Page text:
• Woke editors

Homelessness: How Can We Help?


By By Ashley Racers


Most of us, when we see someone who’s homeless, we avoid eye contact, look down and walk quickly past them. We sometimes feel a pang of sympathy, however we don’t like to face the facts and realise how fortunate we are and how these people need our help. And generally, we don’t like to give up a few precious seconds to actually help them. Sometimes, someone will donate a couple dollars to them and be on their way, their good deed done for the day.


Photo by Sri Harsha Gera

There are currently over 116,427 homeless people in Australia and over 37,000 of them are located in New South Wales. 25% are Aboriginal or Torres Strait Islander (even though they make up 3% of the population) and 30% were born overseas. Not only are these statistics shocking, they’re getting worse each year and people need to start taking action.


Image: Council to Homeless Persons

The Australian Bureau of Statistics defines someone as homeless if their current living arrangement:is in a dwelling that is inadequate; or has no tenure, or if their initial tenure is short and not extendable; or does not allow them to have control of or access to space for social relations.


But why should you care about homeless people? After all, aren’t they just people with an alcohol or drug addiction who’ll use your money to buy MORE drugs and alcohol?

Needless to say, this public perception of homeless people is very far from the truth. There are many factors that can lead to homelessness including domestic and family violence, housing affordability, poverty, mental illness and many other factors. A quarter of people seeking accommodation at specialist homelessness services are there because of domestic and family violence. Homelessness affects everyone and in fact, children under the age of 18 (so someone who’s just like you) make up 27% of people experiencing homelessness.



Despite inefficient national policies to reduce homelessness, all around Australia there are charities and non-profits determined to better the situation of homeless people. Some of Australia’s biggest and most successful organisations include Homelessness Australia, Mission Australia and StreetSmart Australia.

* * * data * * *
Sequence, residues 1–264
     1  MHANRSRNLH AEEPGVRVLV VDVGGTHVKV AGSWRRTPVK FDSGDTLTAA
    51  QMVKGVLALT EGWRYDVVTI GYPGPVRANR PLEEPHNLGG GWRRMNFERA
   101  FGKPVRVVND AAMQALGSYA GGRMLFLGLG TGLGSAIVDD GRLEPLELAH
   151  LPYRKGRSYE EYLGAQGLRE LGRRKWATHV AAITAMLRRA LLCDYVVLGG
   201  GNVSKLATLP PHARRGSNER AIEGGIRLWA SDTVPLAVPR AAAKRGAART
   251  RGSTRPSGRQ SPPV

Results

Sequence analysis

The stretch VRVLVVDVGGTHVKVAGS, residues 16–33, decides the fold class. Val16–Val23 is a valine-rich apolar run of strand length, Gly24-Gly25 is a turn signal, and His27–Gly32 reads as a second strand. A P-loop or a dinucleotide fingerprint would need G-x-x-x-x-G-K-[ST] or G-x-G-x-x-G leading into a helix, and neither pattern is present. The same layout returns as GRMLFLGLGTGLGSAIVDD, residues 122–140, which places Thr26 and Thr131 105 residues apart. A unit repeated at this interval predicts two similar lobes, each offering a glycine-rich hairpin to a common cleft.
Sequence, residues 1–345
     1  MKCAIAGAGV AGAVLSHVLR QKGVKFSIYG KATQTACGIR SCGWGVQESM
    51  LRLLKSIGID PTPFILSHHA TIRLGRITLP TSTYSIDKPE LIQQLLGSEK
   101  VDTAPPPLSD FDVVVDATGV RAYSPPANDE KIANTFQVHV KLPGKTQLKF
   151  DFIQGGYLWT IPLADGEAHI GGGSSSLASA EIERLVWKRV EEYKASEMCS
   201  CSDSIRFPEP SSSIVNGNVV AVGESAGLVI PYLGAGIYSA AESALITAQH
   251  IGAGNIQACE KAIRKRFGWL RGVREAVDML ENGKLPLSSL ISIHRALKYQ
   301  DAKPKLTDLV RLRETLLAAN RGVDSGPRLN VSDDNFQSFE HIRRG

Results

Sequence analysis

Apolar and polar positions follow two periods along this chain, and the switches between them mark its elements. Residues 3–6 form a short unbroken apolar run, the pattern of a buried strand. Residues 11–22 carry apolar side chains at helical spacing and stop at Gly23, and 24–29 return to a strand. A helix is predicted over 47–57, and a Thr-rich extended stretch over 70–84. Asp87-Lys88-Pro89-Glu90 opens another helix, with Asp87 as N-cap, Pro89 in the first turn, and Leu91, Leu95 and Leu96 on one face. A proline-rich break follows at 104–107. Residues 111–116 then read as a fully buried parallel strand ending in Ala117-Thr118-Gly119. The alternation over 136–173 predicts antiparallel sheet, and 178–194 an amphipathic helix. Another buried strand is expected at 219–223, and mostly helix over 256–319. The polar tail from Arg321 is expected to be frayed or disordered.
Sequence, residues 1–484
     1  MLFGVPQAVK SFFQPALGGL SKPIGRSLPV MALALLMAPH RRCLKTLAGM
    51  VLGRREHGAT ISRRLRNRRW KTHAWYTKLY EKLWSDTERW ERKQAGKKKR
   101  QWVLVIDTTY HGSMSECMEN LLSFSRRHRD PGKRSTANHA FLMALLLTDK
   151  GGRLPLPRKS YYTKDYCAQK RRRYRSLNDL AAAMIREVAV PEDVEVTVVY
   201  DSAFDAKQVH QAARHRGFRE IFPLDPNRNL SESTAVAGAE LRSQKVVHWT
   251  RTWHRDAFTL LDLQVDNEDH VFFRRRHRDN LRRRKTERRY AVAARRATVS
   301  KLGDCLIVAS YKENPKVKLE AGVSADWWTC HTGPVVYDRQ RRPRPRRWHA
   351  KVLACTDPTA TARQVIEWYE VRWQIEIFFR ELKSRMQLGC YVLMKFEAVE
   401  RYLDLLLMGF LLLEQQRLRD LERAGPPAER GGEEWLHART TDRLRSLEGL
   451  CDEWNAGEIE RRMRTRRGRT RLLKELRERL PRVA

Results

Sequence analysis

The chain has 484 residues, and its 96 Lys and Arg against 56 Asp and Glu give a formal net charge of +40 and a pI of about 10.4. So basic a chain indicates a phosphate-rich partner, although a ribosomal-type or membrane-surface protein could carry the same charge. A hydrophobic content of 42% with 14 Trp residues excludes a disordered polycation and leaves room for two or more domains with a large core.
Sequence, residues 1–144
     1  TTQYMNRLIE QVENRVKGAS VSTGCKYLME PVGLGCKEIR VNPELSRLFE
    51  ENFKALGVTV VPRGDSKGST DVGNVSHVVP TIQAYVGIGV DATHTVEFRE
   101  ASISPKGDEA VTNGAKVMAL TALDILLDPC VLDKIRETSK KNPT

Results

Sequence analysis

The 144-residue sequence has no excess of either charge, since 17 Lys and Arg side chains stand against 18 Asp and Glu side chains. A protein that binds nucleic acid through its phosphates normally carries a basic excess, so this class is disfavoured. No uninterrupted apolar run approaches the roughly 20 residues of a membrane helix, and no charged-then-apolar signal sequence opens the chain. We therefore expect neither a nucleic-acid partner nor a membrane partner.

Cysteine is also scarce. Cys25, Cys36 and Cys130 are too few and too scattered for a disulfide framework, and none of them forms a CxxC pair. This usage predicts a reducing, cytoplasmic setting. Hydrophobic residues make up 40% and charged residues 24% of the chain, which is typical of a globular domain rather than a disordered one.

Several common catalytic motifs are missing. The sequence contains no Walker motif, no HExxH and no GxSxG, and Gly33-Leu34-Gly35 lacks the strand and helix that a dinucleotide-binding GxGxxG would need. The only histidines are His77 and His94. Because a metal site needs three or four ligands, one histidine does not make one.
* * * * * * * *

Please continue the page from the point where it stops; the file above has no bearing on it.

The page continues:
Recently a non-profit organisation has been founded by two Caringbah High school students called ‘Give Them A Chance’. Liv Coxsedge and Rachel Sayers are two year eight students who have put effort into creating a way for high school students around Sydney to lend a hand to the homeless. Their organisation creates and distribute care packages to the homeless people of Sydney city. These care packages include basic resources and products that may be difficult for homeless people to obtain such as toothbrushes and paste, soap, feminine hygiene products and plenty of other basic supplies.


It’s common to see homeless people around the streets of Sydney city and those of us with a social conscience are inclined to do something about it, which is exactly what Give Them A Chance is trying to achieve. So how can you help? There are a thousand ways in which we can all lend a hand to the homeless people of Australia. Some of which include donating, whether it be Go Fund Me or via a charity, volunteering in Salvation Army/Vinnies stores or at charity events or helping raise money by contacting organisations and asking how you can help.



Another very simple way is by changing your attitudes towards homeless people. Instead of looking at them in disgust or wondering why they don’t just ‘stop buying drugs’, try and be more empathetic, and realise just how lucky you are.


All of us who live in a safe, stable place and regularly have food on our tables are extremely lucky. We have no idea how difficult it would be to be in a homeless person’s situation and all of us with any hint of a social conscience should act to help them in any way possible. No matter how small that action may be.






* The views and opinions expressed in this article are those of the author(s) and do not necessarily reflect the official position of the Woke magazine.

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